Gauteng ANC chairman Paul Mashatile has begged to differ with the national executive committee’s position to accept President Jacob Zuma’s apology on the Nkandla matter.
Mashatile was addressing a gathering of ANC professionals and academics at the CSIR International Convention Centre in Pretoria on Friday about the outcomes of the ANC’s national executive committee (NEC) meeting held after the Constitutional Court ruling on Nkandla. The court found that Zuma had transgressed the constitution by not complying with the public protector’s remedial action to pay for non-security features installed at the expense of taxpayers at his Nkandla homestead.
Mashatile said that though there was a general consensus to forgive the president, he disagreed with it, and he wasn’t the only one. He said “there were those among us who felt that the apology was not adequate”.
“I was one of them. I say this because sometimes people think we say things in corners. I don’t speak in corners. But, of course, I was not the only one.”
Mashatile said the meeting was characterised by robust discussion and was not an exercise to “just paper over important issues”.
He said that after the NEC meeting, somebody wanted to know what would happen if he crossed paths with Zuma.
“I told the person that after saying what I said in the NEC meeting, the president looked at me and said Comrade, just take an apple’.”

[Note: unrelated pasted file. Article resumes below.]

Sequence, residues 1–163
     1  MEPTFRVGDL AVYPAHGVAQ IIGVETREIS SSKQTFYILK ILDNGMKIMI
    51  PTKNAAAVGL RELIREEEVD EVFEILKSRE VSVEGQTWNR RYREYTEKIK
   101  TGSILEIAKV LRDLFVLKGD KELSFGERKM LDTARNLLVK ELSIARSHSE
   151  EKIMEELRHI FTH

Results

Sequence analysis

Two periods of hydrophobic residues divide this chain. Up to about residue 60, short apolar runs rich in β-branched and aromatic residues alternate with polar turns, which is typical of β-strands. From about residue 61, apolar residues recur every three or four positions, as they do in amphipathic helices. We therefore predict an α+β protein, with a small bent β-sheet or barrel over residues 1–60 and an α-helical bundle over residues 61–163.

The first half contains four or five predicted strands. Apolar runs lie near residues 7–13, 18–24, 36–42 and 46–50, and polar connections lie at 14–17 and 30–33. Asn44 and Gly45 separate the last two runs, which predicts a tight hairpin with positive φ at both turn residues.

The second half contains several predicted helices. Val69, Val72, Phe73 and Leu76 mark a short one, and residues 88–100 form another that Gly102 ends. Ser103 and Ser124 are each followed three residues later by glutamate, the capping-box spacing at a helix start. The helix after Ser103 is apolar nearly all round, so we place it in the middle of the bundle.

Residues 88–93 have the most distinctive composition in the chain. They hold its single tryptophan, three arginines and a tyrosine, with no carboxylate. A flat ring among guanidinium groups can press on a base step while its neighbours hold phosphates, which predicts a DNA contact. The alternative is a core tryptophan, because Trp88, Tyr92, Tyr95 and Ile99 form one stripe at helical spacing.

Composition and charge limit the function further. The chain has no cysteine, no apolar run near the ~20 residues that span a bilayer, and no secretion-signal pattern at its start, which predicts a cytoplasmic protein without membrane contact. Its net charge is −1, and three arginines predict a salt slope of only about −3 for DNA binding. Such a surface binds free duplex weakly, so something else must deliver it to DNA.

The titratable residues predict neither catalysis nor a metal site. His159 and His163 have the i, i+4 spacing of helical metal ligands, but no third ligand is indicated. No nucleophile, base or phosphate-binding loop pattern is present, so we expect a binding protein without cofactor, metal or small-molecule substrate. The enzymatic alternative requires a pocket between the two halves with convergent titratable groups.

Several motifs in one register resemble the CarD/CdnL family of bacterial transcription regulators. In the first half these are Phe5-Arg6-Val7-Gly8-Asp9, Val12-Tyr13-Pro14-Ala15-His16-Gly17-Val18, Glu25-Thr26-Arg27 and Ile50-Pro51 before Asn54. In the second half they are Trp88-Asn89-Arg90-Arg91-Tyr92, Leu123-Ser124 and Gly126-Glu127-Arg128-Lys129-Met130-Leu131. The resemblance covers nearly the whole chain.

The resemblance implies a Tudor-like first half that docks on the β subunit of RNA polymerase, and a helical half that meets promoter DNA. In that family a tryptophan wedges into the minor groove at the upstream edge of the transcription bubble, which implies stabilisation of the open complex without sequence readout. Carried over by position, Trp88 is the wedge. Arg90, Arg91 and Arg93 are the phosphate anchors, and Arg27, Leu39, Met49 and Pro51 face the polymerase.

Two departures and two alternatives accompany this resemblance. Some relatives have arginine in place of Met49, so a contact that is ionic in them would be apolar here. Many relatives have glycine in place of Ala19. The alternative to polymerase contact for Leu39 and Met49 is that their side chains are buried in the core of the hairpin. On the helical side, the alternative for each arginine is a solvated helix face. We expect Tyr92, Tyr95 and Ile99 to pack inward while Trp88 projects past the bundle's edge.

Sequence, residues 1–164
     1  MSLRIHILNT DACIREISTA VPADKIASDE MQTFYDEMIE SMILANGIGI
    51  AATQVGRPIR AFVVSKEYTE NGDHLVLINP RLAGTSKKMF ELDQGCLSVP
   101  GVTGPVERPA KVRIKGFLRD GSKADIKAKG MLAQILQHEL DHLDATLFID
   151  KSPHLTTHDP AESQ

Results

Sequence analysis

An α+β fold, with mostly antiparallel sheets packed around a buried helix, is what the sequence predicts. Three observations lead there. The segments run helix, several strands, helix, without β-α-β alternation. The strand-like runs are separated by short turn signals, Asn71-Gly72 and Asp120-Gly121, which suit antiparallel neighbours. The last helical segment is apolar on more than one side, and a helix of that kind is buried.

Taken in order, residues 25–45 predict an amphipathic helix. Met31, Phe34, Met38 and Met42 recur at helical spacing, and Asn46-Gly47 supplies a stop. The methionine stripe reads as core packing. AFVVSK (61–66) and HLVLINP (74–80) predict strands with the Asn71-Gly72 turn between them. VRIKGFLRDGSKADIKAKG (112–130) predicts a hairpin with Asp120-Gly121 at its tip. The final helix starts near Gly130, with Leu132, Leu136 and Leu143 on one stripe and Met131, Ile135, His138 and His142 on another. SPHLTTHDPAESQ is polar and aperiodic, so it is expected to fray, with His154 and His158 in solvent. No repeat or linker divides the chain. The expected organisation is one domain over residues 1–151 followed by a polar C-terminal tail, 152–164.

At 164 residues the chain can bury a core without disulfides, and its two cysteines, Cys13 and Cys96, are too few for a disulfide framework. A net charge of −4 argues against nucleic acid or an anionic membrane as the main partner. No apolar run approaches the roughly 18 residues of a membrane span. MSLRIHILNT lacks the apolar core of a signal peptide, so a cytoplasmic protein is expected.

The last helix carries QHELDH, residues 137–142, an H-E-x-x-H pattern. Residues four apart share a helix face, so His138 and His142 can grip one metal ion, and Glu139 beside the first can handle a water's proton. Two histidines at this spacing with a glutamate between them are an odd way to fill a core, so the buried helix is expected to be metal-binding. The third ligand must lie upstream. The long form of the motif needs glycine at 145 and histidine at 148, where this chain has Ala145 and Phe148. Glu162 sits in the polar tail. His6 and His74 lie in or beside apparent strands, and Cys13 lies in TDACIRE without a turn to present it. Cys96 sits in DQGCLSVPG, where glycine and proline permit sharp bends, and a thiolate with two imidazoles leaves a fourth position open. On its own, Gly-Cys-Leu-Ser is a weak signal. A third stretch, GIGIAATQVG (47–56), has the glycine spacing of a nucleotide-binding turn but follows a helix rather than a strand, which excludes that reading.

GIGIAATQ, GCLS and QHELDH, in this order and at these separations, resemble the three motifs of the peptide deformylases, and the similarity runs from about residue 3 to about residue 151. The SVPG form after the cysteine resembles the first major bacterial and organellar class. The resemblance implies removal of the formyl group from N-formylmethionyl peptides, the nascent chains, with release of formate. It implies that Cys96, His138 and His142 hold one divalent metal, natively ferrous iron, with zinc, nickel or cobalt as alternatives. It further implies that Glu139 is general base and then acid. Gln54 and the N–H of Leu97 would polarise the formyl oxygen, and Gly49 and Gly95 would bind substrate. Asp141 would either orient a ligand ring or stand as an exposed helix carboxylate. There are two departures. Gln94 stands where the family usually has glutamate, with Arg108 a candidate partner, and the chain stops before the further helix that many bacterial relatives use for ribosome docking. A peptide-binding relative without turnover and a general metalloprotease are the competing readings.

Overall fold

He added: “We are not enemies. The worst thing that can happen to the ANC is if we can all think the same. The day we will all think the same, the ANC is dead.”
He defended the decision of the provincial executive committee (PEC) regarding what it thought should be the repercussions in the wake of the Constitutional Court judgment. “The PEC has the right to differ… has the right to have a view. We take a view not because we want to support a particular person or we are scared of someone. We are not scared of anybody.”
Mashatile urged the professionals to air their views in writing to the PEC. He said the PEC would go back to the ANC next month to give feedback following engagements with party members and civil society.
Mashatile said the NEC opting to engage must not be treated as a directive to follow a particular decision because it would defeat the purpose of engagement.
“Any decision that will not enjoy the legitimacy of our people will kill us.”
He commented on reports that the Guptas had approached some ANC members with offers of ministerial jobs. Mashatile said the decision to ask those who have been approached to bring evidence to the ANC secretary-general’s office was aimed at avoiding state capture.
To much applause, he told the gathering that the ANC won’t be captured.
“And our state will not be captured. Where there are signs that this thing is trying to come, we must chop it immediately.”